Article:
While it is possible to apply for jobs through a recruiter or a third-party job application website, that’s not the only way to get your foot in the door. Unless a company has strict rules against it, you can also send your curriculum vitae yourself. Contacting the company leaders directly will cut down on any misunderstandings or mistakes a recruiter might make about you being the right fit for the company, suggests Alison Green of the Ask a Manager blog.
See Also: How to Create a Great Targeted CV
1. Research the company's policies
The first step in the process: Find out whether you’re going to be committing a major faux pas by sending the CV directly. Visit the company’s website and look for its "Careers" or "Work for Us" page. Read over any job application information listed there. Also, visit the company’s human resources page, if it has one, to look for further information about it’s policies. If the pages specifically mention that it only accepts applications through a certain service or recruiter, you may be out of luck. If you don’t find that information, however, you may be in luck.
2. Get a direct line to the decision-makers
Now it’s time to research any and all people who might be able to make a decision about hiring you, so your CV gets in front of the right person. Use all of the resources at your disposal, from LinkedIn and the company website to your friend’s friend’s brother who knows someone who works in human resources at the company’s headquarters. Try to get the email addresses of the people in the department you want to work in. Getting the direct email addresses for decision-makers in human resources is also helpful, but unless there’s a current opening, they may not be as receptive as the manager who works in a specific department and knows the specific challenges the department is facing right now.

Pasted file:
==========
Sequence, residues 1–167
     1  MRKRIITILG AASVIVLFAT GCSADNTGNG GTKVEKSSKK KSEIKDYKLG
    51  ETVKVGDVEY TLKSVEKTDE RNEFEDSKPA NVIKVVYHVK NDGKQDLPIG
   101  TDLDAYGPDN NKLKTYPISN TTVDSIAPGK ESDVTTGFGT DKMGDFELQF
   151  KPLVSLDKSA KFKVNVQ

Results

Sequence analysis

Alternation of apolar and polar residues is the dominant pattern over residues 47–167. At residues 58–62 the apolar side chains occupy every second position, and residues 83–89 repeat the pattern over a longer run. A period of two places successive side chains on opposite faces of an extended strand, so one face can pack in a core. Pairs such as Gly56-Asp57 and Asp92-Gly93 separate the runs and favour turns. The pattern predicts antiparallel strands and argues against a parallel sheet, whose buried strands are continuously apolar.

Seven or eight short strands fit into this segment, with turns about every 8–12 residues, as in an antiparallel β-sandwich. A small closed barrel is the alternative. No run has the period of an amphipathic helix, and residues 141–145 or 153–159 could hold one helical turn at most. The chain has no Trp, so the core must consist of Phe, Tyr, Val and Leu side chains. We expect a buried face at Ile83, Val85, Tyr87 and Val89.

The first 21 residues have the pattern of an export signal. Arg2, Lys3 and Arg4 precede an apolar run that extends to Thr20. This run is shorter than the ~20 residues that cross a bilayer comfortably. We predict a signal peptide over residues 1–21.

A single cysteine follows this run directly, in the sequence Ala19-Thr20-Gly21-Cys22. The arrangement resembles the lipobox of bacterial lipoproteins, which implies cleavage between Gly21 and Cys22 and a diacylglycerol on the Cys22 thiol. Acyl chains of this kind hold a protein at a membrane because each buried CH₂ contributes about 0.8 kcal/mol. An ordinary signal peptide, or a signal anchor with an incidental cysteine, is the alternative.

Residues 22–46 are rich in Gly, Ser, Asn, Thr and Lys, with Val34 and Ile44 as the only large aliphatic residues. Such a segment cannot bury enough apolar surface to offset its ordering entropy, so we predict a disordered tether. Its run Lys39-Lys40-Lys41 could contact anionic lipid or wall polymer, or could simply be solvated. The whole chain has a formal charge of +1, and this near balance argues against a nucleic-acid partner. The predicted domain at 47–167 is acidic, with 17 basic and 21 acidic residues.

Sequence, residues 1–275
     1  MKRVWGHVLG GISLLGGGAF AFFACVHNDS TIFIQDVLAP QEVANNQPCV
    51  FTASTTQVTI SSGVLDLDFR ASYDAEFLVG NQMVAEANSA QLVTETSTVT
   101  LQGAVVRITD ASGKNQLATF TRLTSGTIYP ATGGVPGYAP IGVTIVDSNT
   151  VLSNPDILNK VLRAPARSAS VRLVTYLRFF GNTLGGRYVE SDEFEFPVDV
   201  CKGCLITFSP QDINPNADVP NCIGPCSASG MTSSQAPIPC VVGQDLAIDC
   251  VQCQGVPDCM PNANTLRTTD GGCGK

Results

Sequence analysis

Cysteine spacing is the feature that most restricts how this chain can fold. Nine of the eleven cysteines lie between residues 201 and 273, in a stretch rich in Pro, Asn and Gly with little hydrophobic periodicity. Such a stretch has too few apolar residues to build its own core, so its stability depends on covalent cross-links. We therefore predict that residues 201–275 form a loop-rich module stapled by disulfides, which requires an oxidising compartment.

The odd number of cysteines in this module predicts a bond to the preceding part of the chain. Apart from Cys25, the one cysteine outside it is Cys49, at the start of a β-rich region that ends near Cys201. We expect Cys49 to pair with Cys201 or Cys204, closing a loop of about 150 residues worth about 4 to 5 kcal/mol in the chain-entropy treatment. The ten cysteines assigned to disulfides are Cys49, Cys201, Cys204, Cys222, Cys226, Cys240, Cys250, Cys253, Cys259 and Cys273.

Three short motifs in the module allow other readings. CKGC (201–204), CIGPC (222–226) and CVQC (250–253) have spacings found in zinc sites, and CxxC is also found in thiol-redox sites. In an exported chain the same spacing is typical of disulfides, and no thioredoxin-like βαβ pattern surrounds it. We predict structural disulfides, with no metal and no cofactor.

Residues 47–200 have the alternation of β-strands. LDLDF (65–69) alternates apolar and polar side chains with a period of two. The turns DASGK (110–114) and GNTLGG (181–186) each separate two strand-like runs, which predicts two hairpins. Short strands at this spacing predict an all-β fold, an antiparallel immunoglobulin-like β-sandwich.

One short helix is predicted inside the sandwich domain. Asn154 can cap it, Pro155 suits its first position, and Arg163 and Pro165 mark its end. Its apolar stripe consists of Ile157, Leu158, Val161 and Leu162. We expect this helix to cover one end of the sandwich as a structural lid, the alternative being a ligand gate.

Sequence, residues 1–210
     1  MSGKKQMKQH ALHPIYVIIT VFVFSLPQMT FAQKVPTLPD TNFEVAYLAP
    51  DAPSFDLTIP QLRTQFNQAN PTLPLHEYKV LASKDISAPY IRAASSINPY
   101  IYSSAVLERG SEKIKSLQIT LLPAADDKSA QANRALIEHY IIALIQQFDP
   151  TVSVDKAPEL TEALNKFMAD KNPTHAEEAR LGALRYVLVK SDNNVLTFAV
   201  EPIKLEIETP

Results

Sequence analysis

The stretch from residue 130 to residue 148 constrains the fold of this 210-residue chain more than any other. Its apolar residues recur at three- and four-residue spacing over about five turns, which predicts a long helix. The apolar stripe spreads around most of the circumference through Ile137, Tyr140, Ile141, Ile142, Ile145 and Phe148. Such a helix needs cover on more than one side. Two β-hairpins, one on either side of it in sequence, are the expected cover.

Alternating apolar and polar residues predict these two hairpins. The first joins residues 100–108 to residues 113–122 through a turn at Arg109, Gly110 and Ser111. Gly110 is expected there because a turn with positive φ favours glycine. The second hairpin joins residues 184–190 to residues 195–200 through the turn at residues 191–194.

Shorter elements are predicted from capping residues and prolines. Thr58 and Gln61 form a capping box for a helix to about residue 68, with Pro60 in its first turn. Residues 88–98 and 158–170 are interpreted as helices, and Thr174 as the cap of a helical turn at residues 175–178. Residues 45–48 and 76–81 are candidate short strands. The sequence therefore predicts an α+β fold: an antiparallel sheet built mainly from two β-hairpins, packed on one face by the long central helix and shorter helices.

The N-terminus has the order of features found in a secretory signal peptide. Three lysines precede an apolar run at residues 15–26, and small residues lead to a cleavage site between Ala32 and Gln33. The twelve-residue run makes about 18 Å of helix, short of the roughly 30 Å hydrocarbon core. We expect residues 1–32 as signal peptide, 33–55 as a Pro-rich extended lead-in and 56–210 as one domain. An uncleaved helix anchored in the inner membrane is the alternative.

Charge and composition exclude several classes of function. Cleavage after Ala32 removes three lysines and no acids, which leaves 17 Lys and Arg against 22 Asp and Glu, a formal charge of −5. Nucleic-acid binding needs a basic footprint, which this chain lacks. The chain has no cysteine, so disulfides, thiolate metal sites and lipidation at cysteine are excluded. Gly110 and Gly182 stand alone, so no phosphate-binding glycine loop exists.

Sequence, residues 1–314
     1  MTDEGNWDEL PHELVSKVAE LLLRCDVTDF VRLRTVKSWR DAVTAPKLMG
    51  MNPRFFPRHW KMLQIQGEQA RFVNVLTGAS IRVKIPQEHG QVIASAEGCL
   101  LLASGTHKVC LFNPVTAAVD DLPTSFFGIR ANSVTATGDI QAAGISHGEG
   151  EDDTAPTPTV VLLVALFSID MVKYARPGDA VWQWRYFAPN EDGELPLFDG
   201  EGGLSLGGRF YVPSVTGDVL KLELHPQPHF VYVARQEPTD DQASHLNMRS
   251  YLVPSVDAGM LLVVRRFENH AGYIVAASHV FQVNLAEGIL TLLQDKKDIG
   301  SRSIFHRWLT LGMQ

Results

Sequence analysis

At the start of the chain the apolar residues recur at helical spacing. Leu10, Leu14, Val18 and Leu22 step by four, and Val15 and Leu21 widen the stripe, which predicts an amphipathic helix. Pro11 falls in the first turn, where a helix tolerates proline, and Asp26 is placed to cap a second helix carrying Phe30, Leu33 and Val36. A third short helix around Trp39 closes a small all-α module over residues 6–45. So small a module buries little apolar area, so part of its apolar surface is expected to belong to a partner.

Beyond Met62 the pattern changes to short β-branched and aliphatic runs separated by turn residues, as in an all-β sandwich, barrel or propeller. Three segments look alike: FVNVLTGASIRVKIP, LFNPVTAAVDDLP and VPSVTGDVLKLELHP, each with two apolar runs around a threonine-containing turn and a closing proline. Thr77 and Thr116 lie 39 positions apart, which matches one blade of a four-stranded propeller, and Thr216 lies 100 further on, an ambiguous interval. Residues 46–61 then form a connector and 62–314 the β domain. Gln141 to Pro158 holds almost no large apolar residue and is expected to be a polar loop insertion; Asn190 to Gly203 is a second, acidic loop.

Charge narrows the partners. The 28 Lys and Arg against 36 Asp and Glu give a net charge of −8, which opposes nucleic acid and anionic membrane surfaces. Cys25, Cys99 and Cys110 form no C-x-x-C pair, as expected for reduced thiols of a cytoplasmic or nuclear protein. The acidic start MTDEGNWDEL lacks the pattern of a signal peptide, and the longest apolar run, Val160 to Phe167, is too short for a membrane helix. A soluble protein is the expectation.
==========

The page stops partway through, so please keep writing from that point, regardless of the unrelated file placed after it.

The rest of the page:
3. Write a stellar cover letter
Armed with the contact information you need, write a cover letter that will really impress the employer. Start off by introducing yourself, mentioning the job you want, and explaining why you’re writing to the person directly. If the company has a history of recruiters, tactfully remind the employer that by hiring you without the use of a recruiter, you’ll save the company money. Then talk about why you’re the absolute best person for the job, hands down. Since you’re coming out of nowhere, you need to make your case really compelling. Talk about specific skills or qualifcations you have that make you a perfect fit for the position, and underline how you’ll work to meet the company’s needs.
Finish the cover letter by reminding the employer that you want a job now, but that you’d also like to be considered for any future openings.
4. Consider snail mail
That employer might be buried under a mountain of emails, but chances are she gets a lot less snail mail these days. As such, it could be worth sending your CV and cover letter in the mail, where it can really stand out.
5. Work your personal connections
To ensure your letter reaches the intended party -- and also gets read -- tap any personal connections you’ve made at the company. Ask any current employees with whom you’ve developed a relationship to deliver your CV and cover letter directly. If you’re making the initial contact with a human resources officer, call the person and ask them to deliver the CV to the right person. It might not work, but it’s worth a try.
If you don’t have any connections with current employees, make some in order to sow seeds for the future. Find out what networking groups or associations people at the company belong to, and then join the same ones. In the best-case scenario, you’ll make a connection that allows you to deliver your CV in the best way possible: in person.
When you’re convinced that working for a specific company, it can help to be the squeaky wheel. That said though, strike a balance between making yourself heard and bugging the employer so much that he wants you gone. With a well-timed, well-written and targeted CV and cover letter, you may just get that dream job.